Wednesday, May 13, 2015

Balancing Act

Baseball opening season was a couple weeks ago.  If you remember my blog posts here and here and here about baseball last year (because of course you do!  or wait - are you like me and can't remember what happened eight minutes ago?), you might remember that baseball season is crazy pants in our household.  The boys love it, and it's a lot of fun to watch your boys improve and work on their skills, but it's seriously a scheduling nightmare. An average of six games a week, plus other things like, say, work and school makes for a busy spring.  It's good, but it's also cray to the cray.

So - a few weeks before opening day, we received the date and schedule for the day.  As luck would have it, opening day was scheduled on the same day that my baseball-obsessed middle son had signed up for an academic competition.  Prior to hearing about the conflict, he was super excited about traveling for the first time to an academic competition.  After hearing it was opening day, he was a wee bit conflicted and a lot bummed out.  

"I want to do both, Mom!", he moaned.  After some discussion, he said, "I should do the competition, Mom.  I signed up for it first, and they need me to make a complete team."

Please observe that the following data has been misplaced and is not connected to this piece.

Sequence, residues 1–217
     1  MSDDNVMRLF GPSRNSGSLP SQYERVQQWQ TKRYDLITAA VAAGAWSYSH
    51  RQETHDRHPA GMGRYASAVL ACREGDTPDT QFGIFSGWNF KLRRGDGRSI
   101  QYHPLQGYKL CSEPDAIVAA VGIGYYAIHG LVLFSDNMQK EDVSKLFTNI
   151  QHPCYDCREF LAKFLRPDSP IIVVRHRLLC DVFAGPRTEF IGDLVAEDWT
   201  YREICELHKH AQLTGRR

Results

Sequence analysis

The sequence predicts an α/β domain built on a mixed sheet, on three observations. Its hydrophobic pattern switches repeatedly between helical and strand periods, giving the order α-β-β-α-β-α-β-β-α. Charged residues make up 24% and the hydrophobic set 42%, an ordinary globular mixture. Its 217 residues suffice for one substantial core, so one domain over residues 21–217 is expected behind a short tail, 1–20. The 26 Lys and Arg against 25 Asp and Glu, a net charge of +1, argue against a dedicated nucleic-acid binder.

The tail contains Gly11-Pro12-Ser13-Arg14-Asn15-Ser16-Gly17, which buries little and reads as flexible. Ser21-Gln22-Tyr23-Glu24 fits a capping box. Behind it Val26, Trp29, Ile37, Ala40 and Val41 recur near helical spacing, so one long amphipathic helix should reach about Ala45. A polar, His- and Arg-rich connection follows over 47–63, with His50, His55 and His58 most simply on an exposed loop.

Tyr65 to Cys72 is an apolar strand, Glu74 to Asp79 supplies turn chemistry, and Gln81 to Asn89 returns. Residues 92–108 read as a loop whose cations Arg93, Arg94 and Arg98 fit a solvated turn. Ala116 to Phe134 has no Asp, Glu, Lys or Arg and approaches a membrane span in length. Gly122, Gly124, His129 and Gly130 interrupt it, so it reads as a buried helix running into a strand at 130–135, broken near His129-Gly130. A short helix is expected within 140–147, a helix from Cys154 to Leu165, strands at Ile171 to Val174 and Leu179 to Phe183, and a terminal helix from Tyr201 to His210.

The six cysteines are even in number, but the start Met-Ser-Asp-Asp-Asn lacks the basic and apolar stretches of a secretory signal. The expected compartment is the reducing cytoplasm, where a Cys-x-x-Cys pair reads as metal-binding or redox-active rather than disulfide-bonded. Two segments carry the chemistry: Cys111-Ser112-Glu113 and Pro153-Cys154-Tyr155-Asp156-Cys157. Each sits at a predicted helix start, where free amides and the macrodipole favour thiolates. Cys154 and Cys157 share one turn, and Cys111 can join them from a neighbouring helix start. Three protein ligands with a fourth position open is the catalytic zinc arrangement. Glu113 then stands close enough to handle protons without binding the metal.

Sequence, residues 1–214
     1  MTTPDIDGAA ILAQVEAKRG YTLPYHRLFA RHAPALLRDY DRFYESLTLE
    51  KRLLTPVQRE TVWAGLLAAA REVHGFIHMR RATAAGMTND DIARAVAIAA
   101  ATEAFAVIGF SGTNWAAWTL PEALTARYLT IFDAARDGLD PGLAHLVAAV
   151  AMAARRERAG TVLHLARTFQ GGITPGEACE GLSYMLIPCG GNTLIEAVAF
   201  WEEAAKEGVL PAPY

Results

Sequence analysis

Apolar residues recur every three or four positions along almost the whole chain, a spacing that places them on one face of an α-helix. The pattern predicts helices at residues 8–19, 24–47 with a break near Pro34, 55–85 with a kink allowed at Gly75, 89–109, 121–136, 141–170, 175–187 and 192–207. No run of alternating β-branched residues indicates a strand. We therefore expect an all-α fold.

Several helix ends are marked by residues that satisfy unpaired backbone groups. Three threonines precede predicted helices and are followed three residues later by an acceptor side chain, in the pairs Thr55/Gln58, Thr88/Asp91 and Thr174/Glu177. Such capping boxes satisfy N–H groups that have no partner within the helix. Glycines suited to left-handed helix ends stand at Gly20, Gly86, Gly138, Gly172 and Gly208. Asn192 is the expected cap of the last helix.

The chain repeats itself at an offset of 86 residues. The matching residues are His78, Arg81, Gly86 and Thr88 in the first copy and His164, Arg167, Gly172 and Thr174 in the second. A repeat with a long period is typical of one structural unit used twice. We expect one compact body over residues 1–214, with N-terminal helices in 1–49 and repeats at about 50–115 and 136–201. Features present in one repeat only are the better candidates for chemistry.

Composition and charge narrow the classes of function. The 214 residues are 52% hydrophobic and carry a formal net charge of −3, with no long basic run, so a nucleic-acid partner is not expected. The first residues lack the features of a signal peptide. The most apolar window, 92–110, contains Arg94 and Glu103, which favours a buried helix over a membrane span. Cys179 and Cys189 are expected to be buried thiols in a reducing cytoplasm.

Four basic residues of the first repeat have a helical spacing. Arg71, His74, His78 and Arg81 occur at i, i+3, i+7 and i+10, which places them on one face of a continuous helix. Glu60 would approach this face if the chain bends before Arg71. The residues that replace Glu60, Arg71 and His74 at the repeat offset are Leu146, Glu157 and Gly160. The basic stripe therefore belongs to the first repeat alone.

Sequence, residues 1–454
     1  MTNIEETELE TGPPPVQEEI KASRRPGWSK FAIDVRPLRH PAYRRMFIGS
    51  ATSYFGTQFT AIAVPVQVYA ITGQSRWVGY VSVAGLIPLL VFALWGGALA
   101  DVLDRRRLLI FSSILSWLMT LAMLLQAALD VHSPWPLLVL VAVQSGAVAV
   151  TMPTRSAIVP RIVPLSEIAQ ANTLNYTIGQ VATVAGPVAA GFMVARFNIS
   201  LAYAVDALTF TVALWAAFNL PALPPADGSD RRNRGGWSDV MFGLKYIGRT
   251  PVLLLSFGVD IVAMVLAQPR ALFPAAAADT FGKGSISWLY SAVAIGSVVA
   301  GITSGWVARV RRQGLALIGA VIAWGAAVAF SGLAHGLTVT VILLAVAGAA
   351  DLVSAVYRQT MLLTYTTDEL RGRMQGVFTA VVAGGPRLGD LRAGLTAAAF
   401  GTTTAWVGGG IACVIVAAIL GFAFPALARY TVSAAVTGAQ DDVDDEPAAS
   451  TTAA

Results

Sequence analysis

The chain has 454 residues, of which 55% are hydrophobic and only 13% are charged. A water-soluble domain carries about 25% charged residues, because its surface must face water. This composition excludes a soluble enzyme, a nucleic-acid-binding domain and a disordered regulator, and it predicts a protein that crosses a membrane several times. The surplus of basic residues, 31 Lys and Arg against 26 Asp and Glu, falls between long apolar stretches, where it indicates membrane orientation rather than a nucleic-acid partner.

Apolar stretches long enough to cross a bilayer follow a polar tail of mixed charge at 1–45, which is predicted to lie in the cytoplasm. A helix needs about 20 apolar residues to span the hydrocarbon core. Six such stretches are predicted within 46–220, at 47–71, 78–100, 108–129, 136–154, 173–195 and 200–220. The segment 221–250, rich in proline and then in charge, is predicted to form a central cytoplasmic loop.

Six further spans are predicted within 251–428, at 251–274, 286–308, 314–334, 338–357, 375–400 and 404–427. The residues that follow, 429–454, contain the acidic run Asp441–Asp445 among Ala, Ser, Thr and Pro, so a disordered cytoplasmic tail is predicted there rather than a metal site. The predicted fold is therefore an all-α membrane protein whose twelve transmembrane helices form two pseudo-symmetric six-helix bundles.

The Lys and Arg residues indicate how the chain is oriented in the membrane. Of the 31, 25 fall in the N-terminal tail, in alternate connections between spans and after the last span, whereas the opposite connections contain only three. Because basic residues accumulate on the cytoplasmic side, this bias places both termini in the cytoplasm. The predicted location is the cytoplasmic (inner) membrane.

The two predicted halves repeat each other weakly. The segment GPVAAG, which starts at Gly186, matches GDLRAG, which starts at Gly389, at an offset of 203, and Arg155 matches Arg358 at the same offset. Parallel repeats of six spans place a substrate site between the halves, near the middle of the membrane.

I was proud of him that he came to the right decision on his own.  He missed opening day, had a great time at the competition (and placed well!), and realized that the world does not revolve around sports.  

We talked about it a bit during this time. . .about balance.  Our son is 10 - hardly an age where one needs to lock into one activity and do it exclusively.  I harbor no illusions that our children are going to be professional ball players, or that they will even play a certain sport in high school or college!  Those things might happen, but I'm not gonna pin my hopes on them.  Instead, we want the kids to play lots of sports at our school and in our community, try instruments, do theater, take classes - whatever interests them and is reasonable to our budget.  

I have been very happy with our boys' coaches on this subject matter.  I had to tell our son's coach that he had to miss opening day because of a prior commitment.  I think he was disappointed they would be short a boy, but he understood.  Last year, I had to tell a coach that our son couldn't attend a practice because he would be attending the Easter Vigil at our church.  That coach actually validated our choice and said he fully supported putting worship before baseball - and he was really into Little League!

Balance is tough.  We are heading into these murky waters with our children as they age, finding our way slowly and carefully.  These years are fleeting!  We continue to pray for wisdom as we help them weigh all the decisions they're making.  

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